Then came the grueling, sun-baked, six-mile Lavaman run that I’d been dreading. My bruised left foot had been cumbersome for the three weeks leading up to Lavaman, and on race day it wasn’t feeling any better.
When I took off on the run I was concentrating on two things: 1) finding safe places on the lava field for my feet to land; and 2) how much pain my foot was going to cause.
To my surprise, my foot seemed to feel fine and I channeled all that unnecessary worrying into keeping a steady pace, passing other runners and positive reinforcement.
With the overwhelming contingent of Team In Training participants at Lavaman, whether you’re passing or being passed, there is no shortage of positive reinforcement.
At nearly every turn you could hear shouts of “You’re killing it!” or “Go Team!” I’ve never seen such camaraderie among competitors in any other sport and it was refreshing, even during the hottest stretches on the run course. It may be unique to endurance events. It may be unique to TNT. But it’s an inspirational feeling everyone should witness.
I started to get hot, tired and thirsty on miles four and five and by that time, my lame foot had grown numb, which was fine with me, since no feeling is better than bad feeling.
But that changed when I hit the sixth and final mile of the race. It ran along the coast in a narrow, uneven trail filled with hazardous coral, lava rock and sand. My left foot didn’t care for the surface and voiced its frustration by sending steady shots of pain up my shin as we trudged toward the finish line on the beach.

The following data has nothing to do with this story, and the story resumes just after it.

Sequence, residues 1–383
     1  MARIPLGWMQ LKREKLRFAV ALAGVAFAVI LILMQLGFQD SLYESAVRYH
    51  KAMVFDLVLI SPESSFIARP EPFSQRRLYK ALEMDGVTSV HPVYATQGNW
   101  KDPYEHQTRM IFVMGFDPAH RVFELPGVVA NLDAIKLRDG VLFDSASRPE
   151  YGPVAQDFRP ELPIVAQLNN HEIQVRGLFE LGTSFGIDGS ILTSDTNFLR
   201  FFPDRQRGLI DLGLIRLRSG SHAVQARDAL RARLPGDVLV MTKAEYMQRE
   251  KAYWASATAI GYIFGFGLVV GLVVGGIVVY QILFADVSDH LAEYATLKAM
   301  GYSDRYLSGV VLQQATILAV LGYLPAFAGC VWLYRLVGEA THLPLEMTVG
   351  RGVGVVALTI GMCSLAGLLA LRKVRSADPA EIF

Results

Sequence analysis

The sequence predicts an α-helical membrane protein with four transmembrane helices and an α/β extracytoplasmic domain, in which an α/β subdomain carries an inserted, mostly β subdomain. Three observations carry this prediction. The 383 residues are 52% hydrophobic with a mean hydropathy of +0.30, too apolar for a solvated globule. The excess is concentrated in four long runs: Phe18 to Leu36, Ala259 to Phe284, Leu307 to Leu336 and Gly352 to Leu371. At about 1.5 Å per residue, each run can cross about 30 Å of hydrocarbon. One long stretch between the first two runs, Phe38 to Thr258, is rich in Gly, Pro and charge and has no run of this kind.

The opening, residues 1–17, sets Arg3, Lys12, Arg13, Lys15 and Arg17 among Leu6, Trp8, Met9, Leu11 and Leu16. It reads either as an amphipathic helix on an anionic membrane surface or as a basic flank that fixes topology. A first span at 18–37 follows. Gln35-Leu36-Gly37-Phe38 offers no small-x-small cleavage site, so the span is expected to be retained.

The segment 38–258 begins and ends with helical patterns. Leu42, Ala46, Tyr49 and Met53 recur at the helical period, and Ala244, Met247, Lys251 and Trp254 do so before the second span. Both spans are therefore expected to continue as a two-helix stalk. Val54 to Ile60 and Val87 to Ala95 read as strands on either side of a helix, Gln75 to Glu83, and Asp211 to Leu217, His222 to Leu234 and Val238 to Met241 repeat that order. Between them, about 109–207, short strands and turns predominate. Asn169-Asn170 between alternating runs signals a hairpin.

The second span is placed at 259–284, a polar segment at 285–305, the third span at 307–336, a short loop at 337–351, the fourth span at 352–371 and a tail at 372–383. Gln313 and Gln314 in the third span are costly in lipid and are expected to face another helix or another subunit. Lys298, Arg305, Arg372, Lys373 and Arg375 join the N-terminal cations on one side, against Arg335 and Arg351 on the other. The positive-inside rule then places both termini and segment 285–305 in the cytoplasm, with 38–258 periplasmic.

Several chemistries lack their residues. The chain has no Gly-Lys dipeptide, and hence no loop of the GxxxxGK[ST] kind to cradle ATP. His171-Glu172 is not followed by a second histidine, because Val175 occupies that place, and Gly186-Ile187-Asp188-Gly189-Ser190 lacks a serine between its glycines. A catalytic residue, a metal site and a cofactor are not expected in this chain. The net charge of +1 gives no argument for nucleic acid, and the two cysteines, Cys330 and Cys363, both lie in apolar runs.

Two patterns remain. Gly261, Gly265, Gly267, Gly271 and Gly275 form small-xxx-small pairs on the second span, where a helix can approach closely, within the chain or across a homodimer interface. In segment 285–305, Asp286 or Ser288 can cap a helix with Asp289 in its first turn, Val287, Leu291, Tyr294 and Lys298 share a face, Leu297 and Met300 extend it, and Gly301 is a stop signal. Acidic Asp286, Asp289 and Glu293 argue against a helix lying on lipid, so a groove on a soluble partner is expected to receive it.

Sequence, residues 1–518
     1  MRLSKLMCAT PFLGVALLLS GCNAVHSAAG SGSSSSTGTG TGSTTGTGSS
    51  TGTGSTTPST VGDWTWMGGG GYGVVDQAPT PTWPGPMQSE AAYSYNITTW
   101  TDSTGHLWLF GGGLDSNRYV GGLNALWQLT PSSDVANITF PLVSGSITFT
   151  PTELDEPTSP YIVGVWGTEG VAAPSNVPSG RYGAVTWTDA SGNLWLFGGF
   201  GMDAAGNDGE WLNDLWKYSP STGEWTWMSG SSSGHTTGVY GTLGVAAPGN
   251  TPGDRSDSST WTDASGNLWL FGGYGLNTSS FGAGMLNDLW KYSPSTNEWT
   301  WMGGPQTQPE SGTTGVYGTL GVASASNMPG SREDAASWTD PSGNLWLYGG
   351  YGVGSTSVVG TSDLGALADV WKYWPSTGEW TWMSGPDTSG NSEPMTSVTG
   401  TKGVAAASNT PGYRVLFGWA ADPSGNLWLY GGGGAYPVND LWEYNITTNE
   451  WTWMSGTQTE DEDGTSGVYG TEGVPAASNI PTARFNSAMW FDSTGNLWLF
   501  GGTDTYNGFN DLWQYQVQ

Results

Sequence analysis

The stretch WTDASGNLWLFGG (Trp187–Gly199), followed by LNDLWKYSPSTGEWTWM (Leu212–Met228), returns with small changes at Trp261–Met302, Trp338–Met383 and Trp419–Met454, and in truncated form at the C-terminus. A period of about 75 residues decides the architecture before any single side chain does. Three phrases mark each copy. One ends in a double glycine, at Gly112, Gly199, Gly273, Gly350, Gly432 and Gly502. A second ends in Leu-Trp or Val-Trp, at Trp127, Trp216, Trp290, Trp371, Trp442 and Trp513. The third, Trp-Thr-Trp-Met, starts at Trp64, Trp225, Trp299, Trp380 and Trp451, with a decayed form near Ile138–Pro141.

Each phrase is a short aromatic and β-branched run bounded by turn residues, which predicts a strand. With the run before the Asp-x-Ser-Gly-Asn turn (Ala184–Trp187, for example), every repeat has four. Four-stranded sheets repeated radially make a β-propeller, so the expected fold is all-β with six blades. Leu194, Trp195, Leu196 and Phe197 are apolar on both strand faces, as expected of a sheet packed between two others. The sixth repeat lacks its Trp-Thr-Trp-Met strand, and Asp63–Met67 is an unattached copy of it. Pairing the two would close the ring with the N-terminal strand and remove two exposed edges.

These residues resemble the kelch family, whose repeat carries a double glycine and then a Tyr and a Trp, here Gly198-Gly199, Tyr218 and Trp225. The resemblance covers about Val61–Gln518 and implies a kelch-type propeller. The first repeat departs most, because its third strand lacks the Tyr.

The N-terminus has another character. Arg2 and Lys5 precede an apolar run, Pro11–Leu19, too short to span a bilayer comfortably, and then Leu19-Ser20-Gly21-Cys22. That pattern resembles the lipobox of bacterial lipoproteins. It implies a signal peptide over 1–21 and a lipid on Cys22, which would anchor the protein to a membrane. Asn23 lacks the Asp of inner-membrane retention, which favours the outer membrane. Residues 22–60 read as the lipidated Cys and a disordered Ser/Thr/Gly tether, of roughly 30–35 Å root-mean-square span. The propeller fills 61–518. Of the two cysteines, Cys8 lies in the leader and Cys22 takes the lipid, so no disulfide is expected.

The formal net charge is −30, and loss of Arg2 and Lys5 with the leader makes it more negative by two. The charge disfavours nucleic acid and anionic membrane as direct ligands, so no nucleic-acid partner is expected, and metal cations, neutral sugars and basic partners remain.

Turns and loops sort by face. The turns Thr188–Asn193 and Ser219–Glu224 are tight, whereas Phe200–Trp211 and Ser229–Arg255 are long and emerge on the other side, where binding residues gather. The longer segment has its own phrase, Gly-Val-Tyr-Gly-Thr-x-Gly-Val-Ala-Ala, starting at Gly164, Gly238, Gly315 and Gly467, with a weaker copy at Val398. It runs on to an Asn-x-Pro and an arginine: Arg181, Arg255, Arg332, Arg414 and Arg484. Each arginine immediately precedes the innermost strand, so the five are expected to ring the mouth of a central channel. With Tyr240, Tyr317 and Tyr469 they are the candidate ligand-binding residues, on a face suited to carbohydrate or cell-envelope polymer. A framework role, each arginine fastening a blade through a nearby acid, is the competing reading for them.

My pace slowed dramatically and I longed for the days of free, painless, high running that I’d grown to know and love through training. I felt disserviced that I had to run on such treacherous terrain with a gimpy wheel and began to make excuses in my mind for why I needed to slow down, or why I wouldn’t be able to finish it out strong.
Then I took another rocky step and heard the words, “You’re not a victim,” come out of my mouth; as if my mind was reminding my body who was in control here.
I turned it back on and booked it to the finish line, notching an official time of 2:44:09 for Lavaman 2012.
I finished 248th overall (out of 1,200) and 36th out of the 96 competitors in my 30-34 age group.
My run time of 50:35 was slow for me, but I was happy with setting a personal record by over twenty minutes and beating my goal of 2:50:00 by nearly six minutes.
After I crossed the finish line I found some shade and stole away a moment to reflect on it all. I swelled with pride and gratitude for all the good that had been accomplished with Tri for Les: new friendships; news coverage; a healthy, driven lifestyle and positive outlook; the continued celebration of the life of my aunt Leslie and most importantly over $5,000 raised for the Leukemia & Lymphoma Society.
Thank you to everyone who helped take Tri for Les Lavaman from a huge challenge to a huge success. See you at the next race.